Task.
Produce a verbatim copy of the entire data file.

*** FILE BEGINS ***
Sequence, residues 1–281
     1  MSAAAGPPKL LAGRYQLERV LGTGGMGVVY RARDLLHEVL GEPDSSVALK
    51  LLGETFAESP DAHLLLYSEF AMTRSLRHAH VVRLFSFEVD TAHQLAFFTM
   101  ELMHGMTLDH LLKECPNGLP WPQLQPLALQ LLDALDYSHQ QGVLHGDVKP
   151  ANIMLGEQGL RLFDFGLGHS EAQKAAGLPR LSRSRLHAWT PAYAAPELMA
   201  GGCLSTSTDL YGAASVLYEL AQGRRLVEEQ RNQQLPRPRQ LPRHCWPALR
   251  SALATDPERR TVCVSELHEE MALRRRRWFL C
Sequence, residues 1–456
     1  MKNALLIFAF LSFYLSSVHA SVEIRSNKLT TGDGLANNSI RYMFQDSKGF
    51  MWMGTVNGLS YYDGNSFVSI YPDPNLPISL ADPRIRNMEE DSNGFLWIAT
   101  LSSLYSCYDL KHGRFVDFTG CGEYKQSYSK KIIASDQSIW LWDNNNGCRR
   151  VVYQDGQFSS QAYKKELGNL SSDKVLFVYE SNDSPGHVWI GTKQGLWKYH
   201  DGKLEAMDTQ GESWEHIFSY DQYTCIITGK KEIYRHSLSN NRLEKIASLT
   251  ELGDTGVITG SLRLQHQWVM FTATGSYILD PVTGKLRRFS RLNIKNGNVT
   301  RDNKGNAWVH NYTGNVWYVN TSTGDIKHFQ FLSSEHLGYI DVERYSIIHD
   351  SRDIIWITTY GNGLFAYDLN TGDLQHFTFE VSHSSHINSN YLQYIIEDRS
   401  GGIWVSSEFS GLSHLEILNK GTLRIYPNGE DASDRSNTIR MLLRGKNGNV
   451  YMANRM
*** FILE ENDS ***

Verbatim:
Sequence, residues 1–281
     1  MSAAAGPPKL LAGRYQLERV LGTGGMGVVY RARDLLHEVL GEPDSSVALK
    51  LLGETFAESP DAHLLLYSEF AMTRSLRHAH VVRLFSFEVD TAHQLAFFTM
   101  ELMHGMTLDH LLKECPNGLP WPQLQPLALQ LLDALDYSHQ QGVLHGDVKP
   151  ANIMLGEQGL RLFDFGLGHS EAQKAAGLPR LSRSRLHAWT PAYAAPELMA
   201  GGCLSTSTDL YGAASVLYEL AQGRRLVEEQ RNQQLPRPRQ LPRHCWPALR
   251  SALATDPERR TVCVSELHEE MALRRRRWFL C
Sequence, residues 1–456
     1  MKNALLIFAF LSFYLSSVHA SVEIRSNKLT TGDGLANNSI RYMFQDSKGF
    51  MWMGTVNGLS YYDGNSFVSI YPDPNLPISL ADPRIRNMEE DSNGFLWIAT
   101  LSSLYSCYDL KHGRFVDFTG CGEYKQSYSK KIIASDQSIW LWDNNNGCRR
   151  VVYQDGQFSS QAYKKELGNL SSDKVLFVYE SNDSPGHVWI GTKQGLWKYH
   201  DGKLEAMDTQ GESWEHIFSY DQYTCIITGK KEIYRHSLSN NRLEKIASLT
   251  ELGDTGVITG SLRLQHQWVM FTATGSYILD PVTGKLRRFS RLNIKNGNVT
   301  RDNKGNAWVH NYTGNVWYVN TSTGDIKHFQ FLSSEHLGYI DVERYSIIHD
   351  SRDIIWITTY GNGLFAYDLN TGDLQHFTFE VSHSSHINSN YLQYIIEDRS
   401  GGIWVSSEFS GLSHLEILNK GTLRIYPNGE DASDRSNTIR MLLRGKNGNV
   451  YMANRM